Gum, Shining | Eucalyptus nitens

Shining gum is a native Australian hardwood gaining popularity for its versatility, interesting colour and speckled appearance.

Other Names: Ribbon Gum


The native hardwood, shining gum, produces timber used predominantly in construction and furniture making. As a plantation managed timber subject to advanced silvicultural and milling methods, shining gum is gaining in popularity.

Shining gum is prevalent in the mountain areas of east Gippsland and south-eastern NSW as well as the northern tablelands of NSW to an altitude of 1600m. It is a popular plantation timber as it can be extremely quick growing. Eucalyptus nitens is grown as a commercial plantation species in cool temperate regions around the world, including Tasmania, New Zealand, South Africa and Chile.

Shining gum trees can reach heights of 70m, and diameters of 1-2m at chest height. Its form is desirable, with a straight bole up to two-thirds the height of the tree. Its smooth white or greyish bark is shed in long ribbons. It gets its name nitens (meaning shining) from the distinct glossy fruits, which have a varnished appearance, as well as the leaves, buds and bark, which can also appear to shine. The juvenile leaves have a pleasant fruity smell.

Shining gum timber exhibits some interesting colours making it an appealing product for furniture making. The wood is pale pink and straight grained. It is suitable for general building, flooring, joinery, paneling, furniture and framing. It is also considered a good quality pulping species, although not as high yielding as some due to its lower density.

Shining gum is not particularly durable (class 4) and is not recommended for external use, especially not in-ground. It is vulnerable to termites and the sapwood is susceptible to Lyctid borer.



Very Low Low Medium High Very High
Radial: > 5
Unit Movement: 0.33 %

Strength Group

Very High High Reasonably High Medium High Medium Reasonably Low Low Very Low

Stress Grade

No. 1
No. 2
No. 3
No. 4
No. 5
Unseasoned: F14 F11 F8 F7 F5
Seasoned: F22 F17 F14 F11 F8

Density per Standard

Unseasoned: 1050 kg/m3
Seasoned: 700 kg/m3

Joint Group

Very High High Reasonably High Medium Low Very Low


  White, yellow, pale straw to light brown Pink to pink brown Light to dark red Brown, chocolate, mottled or streaky

Mechanical Properties

Modulus of Rupture - Unseasoned: 62
Modulus of Rupture - Seasoned: 99
Modulus of Elasticity - Unseasoned: 10
Modulus of Elasticity - Seasoned: 13
Maximum Crushing Strength - Unseasoned: 31
Maximum Crushing Strength - Seasoned: 58
Impact - Unseasoned: 15
Impact - Seasoned: 16
Toughness - Unseasoned: Medium - 15 - 25 Nm
Toughness - Seasoned: Medium - 15 - 25 Nm
Hardness - Unseasoned: 4.8
Hardness - Seasoned: 5.8


Low Moderate Reasonably High High
(0 - 5 yrs) (5 - 15 yrs) (15 - 25 yrs) (more than 25 yrs)
(0 - 7 yrs) (7 - 15 yrs) (15 - 40 yrs) (More than 40 yrs)
Above ground:
(0 - 20 yrs, usually < 5) (21 - 40 yrs) (41 - 64 yrs) (More than 60 yrs)
Marine Borer Resistance:
Lyctid Borer Susceptibility: Susceptible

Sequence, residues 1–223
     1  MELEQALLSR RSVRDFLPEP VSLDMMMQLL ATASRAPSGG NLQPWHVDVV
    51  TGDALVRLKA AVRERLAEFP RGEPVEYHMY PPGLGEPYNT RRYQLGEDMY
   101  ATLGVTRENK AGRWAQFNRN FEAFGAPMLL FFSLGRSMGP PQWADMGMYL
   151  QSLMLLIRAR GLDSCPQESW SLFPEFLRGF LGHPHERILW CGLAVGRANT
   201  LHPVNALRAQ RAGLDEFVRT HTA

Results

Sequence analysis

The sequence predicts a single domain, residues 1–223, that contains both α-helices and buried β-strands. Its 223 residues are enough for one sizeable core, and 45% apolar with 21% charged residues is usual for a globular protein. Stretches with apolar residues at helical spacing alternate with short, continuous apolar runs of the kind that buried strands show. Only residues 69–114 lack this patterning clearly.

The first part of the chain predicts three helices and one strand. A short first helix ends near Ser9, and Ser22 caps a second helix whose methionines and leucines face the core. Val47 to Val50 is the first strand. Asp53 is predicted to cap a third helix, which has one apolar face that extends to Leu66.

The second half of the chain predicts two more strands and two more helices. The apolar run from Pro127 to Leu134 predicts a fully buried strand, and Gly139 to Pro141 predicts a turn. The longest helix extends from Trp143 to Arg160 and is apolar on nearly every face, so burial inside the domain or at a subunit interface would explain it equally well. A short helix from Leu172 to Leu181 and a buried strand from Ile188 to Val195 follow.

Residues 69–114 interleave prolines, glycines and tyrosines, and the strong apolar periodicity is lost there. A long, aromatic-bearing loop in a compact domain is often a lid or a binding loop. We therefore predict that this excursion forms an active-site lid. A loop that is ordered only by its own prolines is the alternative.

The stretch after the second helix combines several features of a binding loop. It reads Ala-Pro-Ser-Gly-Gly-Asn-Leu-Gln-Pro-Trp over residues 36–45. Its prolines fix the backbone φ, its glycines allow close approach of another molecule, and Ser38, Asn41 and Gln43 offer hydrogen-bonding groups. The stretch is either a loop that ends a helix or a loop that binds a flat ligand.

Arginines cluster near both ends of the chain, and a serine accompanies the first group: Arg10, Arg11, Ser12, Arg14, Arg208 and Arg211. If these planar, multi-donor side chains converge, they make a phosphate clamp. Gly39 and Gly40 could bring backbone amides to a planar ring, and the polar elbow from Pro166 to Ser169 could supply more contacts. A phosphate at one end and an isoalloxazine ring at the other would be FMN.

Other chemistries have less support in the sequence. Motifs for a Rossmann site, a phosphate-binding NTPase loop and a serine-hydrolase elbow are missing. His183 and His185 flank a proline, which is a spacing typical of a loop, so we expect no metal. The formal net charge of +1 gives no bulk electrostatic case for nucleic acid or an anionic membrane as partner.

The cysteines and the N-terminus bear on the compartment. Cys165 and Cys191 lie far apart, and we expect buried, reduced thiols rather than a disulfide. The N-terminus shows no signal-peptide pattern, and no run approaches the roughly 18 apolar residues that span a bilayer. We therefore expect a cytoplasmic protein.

Termite Resistance: Not Resistant

Fire Properties

0 1 2 3 4 5 6 7 8 9 10 11 12 13 14 15 16 17 18 19 20
EFH Ignitibility:
0 1 2 3 4 5 6 7 8 9 10
EFH Spread-of-Flame Index:
EFH Smoke-Developed Index:
Critical Radiance Flux - Lower: >2.2 and <4.5 kW/m2
Critical Radiance Flux - Higher: >2.2 and <4.5 kW/m2
Smoke Development Rate: <750
1 - non-combustible 2 - reasonably non-combustible 3 - slightly combustible 4 - combustible
Fire Properties Group
Average Specific Extinction Area: <250
Bushfire Resistance: BAL 12.5 and 19 – Door and window joinery only


Botanical Name: Eucalyptus nitens
Preferred Common Name: Gum, Shining
Other Names: Ribbon Gum
Species Type: Hardwood


The timber of shining gum, as its name implies, has lustrous qualities. The heartwood is a straw colour bursting with pink and yellow tints. The sapwood is not always easy to distinguish from the heartwood. The texture of shining gum timber is moderately coarse with a straight grain.

Shining gum is not self-pruning. Branch retention creates a high incidence of features in milled timber for that reason. Pin-hole borer holes and the associated black stains of 'pencil streak' are often present, giving timber a speckled appearance. Growth rings are also a prominent feature of this timber.

Common Applications

Timber from shining gum has a wide range of uses, from pulp to sawn products. It is a good quality pulping species, although the wood is of slightly lower density than Tasmanian blue gum and therefore gives lower pulp yields. When plantation grown, it has the potential to produce sawlogs of select grade material if pruned. The timber is used for general construction: joinery, framing and flooring. The pale wood of young trees means the timber can be interchanged with mountain ash. It is also beginning to be used for furniture, where its discolouration is seen as a feature.

Common Form



The general workability of shining gum timber is good, as it is not an extremely dense or hard timber. The green density of the timber is 1050 kg/m3 and air-dry density at 12% moisture is about 700 kg/m3.

Shining gum is difficult to dry with moderate shrinkage and a high cell collapse necessitating reconditioning. It is prone to surface checking and requires careful drying and storage because of collapse.

The wood is not as hard as blue gum, being moderately hard at 5.8 kN when dry. The heartwood of shining gum is not sufficiently durable for external use (class 4).


Origin of Timber


Readily Available


Availability - Further Information

Shining gum timber is commercially available in NSW and Victoria.

Source of Timber

Native Forest, Plantation


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Case Studies


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